Bipolar disorder can be a truly disruptive mental health condition. Consisting of a range of symptoms from manic highs, depressive lows, irrationality, and hallucinations, these effects can be a real challenge to maintain. With that, you may wonder what are the medications for bipolar disorder.
We are going to explore these medications, come to understand what the classifications are and how these medications for bipolar disorder work to counteract the unpleasant and disruptive symptoms.
Bipolar Medication List
There are common medications for bipolar disorder and that can be broken down into specific categories. These meds help treat the underlying symptoms of bipolar disorder, like mood swings, lifting depressive lows, and aiding with manic convulsive activity.
However, there doesn’t exist a permanent cure for bipolar disorder. Therefore, the most effective treatment is often prescribed medications – sometimes a group of them, taken to address specific symptoms.
The purpose of these medications is to create a therapeutic response so that other treatment approaches, such as talk therapy, have the ability to work without said symptoms causing interruptions. Also, the prescriptions on this medication list allow for those suffering from bipolar disorder to live a functional life and follow their regular routine. The bipolar medication list includes:
Often utilized by mental health professionals in the case of bipolar disorder due to its ability to regulate mood. Lithium is known to help control the nervous system and aid those taking it to control emotions and cope better with mood swings. When bipolar patients shift from one episodic type to another, lithium helps in softening the blow of that change. ¹
It comes in a few different forms including capsules and a solution form, however, the most common type is a tablet. For pediatric and teenage bipolar patients, an extended-release lithium tablet is commonly prescribed. However, it’s not for older geriatric patients as it can interfere with certain kinds of medications related to heart, kidney, or liver complications.
This medication can interact poorly with specific kinds of medications and a full list of those interactions can be found here. However like with any medication, it is always best to consult with a physician and mental health professionals to see what is the best course of treatment is best suited for you or someone you love.
Helping in controlling abnormal electrical activity within the brain, anticonvulsants have become a common treatment option for those that suffer from seizure activity, such as in the case of epilepsy. ² However, for bipolar patients, anticonvulsants can be incredibly helpful in soothing manic activity. ³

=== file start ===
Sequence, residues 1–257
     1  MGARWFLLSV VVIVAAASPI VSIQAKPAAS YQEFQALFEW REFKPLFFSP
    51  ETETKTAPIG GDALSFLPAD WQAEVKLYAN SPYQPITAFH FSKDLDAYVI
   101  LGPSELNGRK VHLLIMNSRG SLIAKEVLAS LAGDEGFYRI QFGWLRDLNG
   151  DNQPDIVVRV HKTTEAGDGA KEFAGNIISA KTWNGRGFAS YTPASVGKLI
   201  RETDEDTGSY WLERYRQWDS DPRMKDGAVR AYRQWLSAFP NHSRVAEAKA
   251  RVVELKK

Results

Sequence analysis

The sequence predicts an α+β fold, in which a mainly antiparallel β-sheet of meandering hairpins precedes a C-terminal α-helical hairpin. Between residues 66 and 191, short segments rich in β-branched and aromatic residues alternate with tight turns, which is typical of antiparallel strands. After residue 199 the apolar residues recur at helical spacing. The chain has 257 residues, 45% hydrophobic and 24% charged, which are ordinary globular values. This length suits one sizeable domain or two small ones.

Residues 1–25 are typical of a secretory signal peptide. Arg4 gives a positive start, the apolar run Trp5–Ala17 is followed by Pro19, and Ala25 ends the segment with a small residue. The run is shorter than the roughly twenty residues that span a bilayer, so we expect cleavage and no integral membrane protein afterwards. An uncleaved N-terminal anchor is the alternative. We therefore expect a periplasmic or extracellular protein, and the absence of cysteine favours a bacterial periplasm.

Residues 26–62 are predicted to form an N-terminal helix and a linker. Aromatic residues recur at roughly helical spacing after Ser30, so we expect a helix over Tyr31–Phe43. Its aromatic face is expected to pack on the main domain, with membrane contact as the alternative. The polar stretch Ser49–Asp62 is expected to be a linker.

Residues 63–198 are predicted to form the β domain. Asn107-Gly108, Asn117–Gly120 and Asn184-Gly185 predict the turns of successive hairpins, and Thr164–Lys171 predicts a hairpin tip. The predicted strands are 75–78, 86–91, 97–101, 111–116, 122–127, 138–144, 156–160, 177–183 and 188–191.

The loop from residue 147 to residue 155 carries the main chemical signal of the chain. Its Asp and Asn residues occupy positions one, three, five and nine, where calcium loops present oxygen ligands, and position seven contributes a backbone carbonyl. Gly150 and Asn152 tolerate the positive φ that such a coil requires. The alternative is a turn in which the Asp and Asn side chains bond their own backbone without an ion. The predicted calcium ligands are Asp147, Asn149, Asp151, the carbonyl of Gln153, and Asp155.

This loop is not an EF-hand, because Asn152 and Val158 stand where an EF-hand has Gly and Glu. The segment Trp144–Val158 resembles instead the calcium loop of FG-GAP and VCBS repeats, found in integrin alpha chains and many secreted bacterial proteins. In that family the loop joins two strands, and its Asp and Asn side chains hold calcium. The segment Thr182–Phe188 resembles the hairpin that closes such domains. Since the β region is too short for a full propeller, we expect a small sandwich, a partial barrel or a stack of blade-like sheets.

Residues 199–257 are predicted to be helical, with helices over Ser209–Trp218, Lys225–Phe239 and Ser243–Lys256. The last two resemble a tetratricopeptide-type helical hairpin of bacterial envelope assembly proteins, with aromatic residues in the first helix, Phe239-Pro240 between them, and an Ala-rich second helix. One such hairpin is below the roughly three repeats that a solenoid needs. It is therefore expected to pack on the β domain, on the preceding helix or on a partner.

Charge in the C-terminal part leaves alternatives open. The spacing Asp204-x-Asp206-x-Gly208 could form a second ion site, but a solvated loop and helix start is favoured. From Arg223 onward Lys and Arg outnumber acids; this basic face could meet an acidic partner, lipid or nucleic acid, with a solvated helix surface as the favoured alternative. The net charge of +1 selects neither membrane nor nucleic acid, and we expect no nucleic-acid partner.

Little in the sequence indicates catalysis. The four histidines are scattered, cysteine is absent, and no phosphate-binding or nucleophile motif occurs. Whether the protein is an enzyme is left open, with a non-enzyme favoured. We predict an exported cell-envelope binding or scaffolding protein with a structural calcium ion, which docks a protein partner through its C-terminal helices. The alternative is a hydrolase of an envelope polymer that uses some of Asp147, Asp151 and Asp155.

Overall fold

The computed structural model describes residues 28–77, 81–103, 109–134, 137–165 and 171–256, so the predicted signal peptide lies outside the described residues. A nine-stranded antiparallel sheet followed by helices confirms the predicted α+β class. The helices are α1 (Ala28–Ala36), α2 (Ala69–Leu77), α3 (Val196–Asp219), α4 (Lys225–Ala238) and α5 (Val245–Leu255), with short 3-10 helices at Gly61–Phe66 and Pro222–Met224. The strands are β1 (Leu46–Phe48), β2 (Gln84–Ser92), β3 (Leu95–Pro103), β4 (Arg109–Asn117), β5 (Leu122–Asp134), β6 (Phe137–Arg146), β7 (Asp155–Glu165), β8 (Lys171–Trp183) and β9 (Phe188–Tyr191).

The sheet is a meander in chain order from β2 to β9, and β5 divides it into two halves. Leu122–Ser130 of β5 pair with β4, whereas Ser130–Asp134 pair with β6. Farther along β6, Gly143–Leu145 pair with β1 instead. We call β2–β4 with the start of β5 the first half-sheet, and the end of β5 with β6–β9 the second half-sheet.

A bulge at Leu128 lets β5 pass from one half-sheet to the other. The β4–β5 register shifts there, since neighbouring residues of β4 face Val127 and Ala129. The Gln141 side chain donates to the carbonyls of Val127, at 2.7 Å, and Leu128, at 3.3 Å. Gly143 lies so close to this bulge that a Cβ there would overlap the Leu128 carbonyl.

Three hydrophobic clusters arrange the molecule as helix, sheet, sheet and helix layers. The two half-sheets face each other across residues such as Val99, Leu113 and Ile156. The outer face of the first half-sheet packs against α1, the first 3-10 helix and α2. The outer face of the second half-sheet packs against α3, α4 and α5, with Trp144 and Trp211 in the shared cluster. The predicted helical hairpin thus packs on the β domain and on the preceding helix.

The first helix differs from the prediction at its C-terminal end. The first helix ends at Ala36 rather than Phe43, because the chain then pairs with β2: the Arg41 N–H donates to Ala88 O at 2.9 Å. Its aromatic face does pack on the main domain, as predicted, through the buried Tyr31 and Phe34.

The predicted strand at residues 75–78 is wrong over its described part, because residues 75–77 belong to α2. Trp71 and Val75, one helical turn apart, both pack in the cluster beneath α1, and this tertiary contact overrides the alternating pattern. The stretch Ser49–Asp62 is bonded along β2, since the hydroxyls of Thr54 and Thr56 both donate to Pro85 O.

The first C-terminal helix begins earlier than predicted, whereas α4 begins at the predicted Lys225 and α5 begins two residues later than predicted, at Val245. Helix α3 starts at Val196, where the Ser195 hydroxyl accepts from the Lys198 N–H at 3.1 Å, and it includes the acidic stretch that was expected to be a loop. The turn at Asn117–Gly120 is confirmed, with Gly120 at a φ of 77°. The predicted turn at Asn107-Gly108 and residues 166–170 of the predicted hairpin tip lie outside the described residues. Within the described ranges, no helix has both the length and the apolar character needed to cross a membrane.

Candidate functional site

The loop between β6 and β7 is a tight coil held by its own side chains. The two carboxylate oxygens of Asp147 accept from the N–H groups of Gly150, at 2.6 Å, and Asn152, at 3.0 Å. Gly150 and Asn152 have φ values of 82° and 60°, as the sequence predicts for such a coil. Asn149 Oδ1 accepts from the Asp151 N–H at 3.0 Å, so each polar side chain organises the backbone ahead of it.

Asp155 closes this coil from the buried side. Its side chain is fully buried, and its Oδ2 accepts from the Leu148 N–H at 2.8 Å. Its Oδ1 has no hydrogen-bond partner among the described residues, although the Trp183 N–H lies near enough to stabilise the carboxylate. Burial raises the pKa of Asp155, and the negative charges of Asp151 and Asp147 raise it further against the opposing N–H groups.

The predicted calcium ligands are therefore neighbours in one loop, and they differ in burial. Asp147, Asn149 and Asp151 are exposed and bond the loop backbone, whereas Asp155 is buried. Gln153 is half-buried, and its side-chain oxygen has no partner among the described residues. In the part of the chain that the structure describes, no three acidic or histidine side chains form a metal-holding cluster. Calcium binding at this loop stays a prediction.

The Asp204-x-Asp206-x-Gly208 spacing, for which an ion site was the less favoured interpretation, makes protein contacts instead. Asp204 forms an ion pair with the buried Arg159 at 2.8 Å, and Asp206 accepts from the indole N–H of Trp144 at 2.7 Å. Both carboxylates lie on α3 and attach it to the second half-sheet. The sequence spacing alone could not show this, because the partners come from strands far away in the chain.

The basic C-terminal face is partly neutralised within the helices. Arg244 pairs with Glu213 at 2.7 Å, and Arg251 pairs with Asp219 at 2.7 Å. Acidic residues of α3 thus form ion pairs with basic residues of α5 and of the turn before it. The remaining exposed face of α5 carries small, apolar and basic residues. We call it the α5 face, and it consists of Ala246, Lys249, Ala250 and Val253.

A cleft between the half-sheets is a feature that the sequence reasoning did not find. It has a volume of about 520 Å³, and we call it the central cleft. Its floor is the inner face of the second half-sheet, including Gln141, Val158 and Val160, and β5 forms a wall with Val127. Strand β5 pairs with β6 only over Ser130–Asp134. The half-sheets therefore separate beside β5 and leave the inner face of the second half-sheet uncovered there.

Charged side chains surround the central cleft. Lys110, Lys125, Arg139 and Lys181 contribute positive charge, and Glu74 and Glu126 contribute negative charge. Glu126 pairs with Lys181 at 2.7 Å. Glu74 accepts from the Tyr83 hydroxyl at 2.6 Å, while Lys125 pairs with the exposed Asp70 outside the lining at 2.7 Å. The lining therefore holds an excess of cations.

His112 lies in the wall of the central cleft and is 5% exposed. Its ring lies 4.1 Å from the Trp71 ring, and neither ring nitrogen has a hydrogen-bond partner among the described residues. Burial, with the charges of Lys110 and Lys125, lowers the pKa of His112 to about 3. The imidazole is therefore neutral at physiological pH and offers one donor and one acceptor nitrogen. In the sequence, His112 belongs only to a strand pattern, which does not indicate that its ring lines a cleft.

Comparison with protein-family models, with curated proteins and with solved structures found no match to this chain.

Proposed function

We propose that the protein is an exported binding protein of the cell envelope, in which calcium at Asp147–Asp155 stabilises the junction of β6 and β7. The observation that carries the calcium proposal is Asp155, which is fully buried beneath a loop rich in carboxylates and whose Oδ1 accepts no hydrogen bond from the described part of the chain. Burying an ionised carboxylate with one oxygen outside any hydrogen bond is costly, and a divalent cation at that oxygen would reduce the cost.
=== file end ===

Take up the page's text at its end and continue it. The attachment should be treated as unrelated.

It is not uncommon for a bipolar patient to be prescribed a single anticonvulsant medication to start. Then, over time, combine that medication alongside a mood stabilizer, such as lithium, or an antidepressant.
An antipsychotic is a form of medication that aids in regulating mood and can help alter behavior. Antipsychotics can be extremely helpful for mania symptoms, delusions, as well as for hallucinations. Often such symptoms occur at the height of a mania episode or during severe depression.
Studies have shown that bipolar patients that suffer from severe mania-related effects have a therapeutic response to typical antipsychotics such as olanzapine and quetiapine. Those who find themselves experiencing severe depressive impact have had the benefit from olanzapine alone. ⁴
Often a treatment for those suffering from clinical depression, antidepressants work by interacting as well as altering the inner mechanisms of the brain relating to dopamine. Antidepressants also have impacts on the nervous system and can aid in regulating atypical responses.
Antidepressants for those with bipolar disorder have shown great promise in managing the deep depressive dives that can occur directly following the high of a manic episode. While not a mood stabilizer, antidepressants can lift depressive-related symptoms and along with other prescribed medications, can create an overall improvement for specific episodic conditions. It’s common that a strong antidepressant can actually be more harmful than beneficial, spurring manic episodes while trying to treat depressive ones. ⁵
A neuro-depressant medication, benzodiazepines are responsible for slowing down neurological as well as nervous system processing. For those with bipolar disorder, benzodiazepines can result in a calmer state, especially during manic episodes. Benzodiazepines also aid those with anxiety, epilepsy, and those that are experiencing addiction withdrawal. ⁶
Still, there are inherent risks of using benzodiazepines, as they can be habit-forming.